Do not buy roses grafted onto Rosa multiflora rootstock, as multiflora rose is a prohibited invasive plant in New Hampshire. Many roses are still subject to Japanese beetles and diseases such as black spot and powdery mildew, although improved disease resistance is claimed by many types. Winter hardiness may also vary greatly, so seek out types developed in northern U.S. or Canada. Rose hips make good winter food for birds and mammals, and the dense thorny branches provide excellent nesting cover for songbirds.

A few more deciduous native shrubs you might consider using in place of burning bush or Japanese barberry include sweet pepperbush (Clethra alnifolia), small bayberry (Morella caroliniensis) and fragrant sumac (Rhus aromatica).

Alternatives for Norway maple (Acer platanoides)
Norway maple, introduced from Europe in 1756, became one of the most frequently planted street trees in the eastern and north central regions of the United States. Its popularity can be explained by its rapid early growth rate, site adaptability, ease of transplanting, and tolerance of urban conditions including exposure to road salt. The cultivar ‘Crimson King’ has attractive maroon-red leaves all summer and became a favorite shade tree for home and commercial landscapes.
When selecting an alternative for this large-growing, attractive shade tree, consider the conditions at the intended planting site. While there is no shortage of desirable tree species to choose from, most are not as widely adaptable and tolerant as Norway maple.

Some salt tolerant shade trees hardy to zone 3:
Red maple (Acer rubrum)
has red spring color when in bloom, turning green as the foliage appears. Although red maple is native throughout much of the eastern U.S., cold hardiness of seedlings or grafted varieties is not always consistent and it is important to purchase plants from grown from northern stock. Red maple will tolerate wet soils and a moderate amount of salt, unlike sugar maple. Red maple reaches 75′ tall by 60′ wide at maturity.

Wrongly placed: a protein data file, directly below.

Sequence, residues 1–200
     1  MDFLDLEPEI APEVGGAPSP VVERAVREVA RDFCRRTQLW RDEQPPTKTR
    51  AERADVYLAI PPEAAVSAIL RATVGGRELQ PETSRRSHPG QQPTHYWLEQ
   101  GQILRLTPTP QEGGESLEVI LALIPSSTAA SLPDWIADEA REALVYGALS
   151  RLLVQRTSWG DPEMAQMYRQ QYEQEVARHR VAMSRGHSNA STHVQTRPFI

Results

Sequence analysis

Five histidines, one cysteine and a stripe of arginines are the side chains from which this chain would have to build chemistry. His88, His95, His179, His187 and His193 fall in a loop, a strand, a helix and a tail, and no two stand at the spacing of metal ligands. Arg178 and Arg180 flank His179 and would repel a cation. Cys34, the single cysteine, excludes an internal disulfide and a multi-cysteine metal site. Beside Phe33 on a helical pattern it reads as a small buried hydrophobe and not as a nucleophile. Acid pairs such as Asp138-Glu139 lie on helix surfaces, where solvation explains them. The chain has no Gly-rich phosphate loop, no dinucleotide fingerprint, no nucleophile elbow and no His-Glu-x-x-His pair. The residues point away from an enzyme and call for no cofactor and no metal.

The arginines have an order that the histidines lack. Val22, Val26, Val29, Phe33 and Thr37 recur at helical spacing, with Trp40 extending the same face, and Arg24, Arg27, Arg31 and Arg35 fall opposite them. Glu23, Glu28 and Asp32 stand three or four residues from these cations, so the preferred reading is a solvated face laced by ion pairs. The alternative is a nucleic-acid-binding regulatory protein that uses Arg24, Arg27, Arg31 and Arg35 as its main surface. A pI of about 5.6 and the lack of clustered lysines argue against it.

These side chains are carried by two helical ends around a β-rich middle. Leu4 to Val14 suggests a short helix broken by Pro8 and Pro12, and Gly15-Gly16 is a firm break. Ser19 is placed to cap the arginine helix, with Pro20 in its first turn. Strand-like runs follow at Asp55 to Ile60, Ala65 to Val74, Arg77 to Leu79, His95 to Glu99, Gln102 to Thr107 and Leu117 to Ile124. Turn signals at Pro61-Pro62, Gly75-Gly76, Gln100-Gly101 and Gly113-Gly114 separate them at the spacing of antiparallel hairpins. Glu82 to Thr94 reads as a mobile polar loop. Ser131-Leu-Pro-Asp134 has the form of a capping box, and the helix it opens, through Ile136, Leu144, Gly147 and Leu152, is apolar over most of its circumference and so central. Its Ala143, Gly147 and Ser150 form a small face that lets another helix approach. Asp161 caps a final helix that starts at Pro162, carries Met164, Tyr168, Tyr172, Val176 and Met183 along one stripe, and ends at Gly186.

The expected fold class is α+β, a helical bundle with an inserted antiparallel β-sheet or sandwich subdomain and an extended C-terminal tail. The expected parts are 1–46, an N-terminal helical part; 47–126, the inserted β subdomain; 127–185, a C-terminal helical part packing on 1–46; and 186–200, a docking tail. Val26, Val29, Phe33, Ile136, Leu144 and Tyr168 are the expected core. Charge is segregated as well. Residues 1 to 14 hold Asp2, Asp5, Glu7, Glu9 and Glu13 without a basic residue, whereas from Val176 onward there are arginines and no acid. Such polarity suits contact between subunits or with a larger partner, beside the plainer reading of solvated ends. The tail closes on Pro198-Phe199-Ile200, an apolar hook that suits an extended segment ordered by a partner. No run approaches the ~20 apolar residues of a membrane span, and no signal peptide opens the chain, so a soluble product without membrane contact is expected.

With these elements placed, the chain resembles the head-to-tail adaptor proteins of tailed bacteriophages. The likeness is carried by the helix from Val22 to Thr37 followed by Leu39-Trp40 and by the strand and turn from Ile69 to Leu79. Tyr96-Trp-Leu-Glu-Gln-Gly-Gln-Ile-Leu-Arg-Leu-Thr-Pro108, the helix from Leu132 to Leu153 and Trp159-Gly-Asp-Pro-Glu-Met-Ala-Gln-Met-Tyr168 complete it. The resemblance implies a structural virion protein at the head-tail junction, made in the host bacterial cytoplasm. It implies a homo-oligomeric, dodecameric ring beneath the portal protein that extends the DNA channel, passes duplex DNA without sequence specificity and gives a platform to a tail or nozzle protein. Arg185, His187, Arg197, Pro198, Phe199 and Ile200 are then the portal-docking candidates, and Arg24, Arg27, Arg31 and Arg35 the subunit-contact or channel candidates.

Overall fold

Northern red oak (Quercus rubra).
Another large tree, 75′ tall by 60′ wide, northern red oak is sometimes difficult to establish and slow to start growing, but makes a nice green shade tree for lawn areas or parks. It is one of New England’s most common, native forest trees, but needs deep soil and may develop chlorosis in urban soils with high pH. The prolific acorns may be an annoyance to some people, but the squirrels love them.

Gingko (Gingko biloba)
is slow-growing but very long lived once established and has a nice, clear yellow fall color. It is salt, heat and drought tolerant, making it a good urban tree if given adequate room to grow. The tree will often reach 75′ tall by 40’wide, sometimes larger. Most Gingko in the nursery trade are male clones because female trees have malodorous fruit. Native to China, it is one of the oldest tree species still in existence, said to be 150-200 million years old.

Japanese tree lilac (Syringa reticulata)
is a good choice for a smaller tree; perhaps as large as 30’x20′ at maturity, but smaller cultivars are available. It can tolerate high pH soils and has lilac-type white blossoms in mid-summer (but lacks a desirable fragrance) and attractive cherry-like bark. ‘Ivory Silk’ and a few other cultivars are popular selections for more compact form and prolific bloom. It is not native and has been reported to become weedy in some circumstances. Of course, common lilac (Syringa vulgaris) can also be planted but generally forms a large multistemmed shrub rather than a tree form.

Some red-leafed trees:
European beech (Fagus sylvatica).
Numerous green leaved selections of this tree are available, but ‘Riversii’ European beech is one of the few large shade trees with purple leaves. This tree becomes enormous over time, at least 60′ tall by 45′ wide, so should not be used as a street tree or in other areas with limited growth potential. The nuts provide excellent wildlife food and the bark is grey and smooth like an elephant’s hide.

Flowering crabapple (Malus species and hybrids) or purple leaf plum (Prunus cerasifera).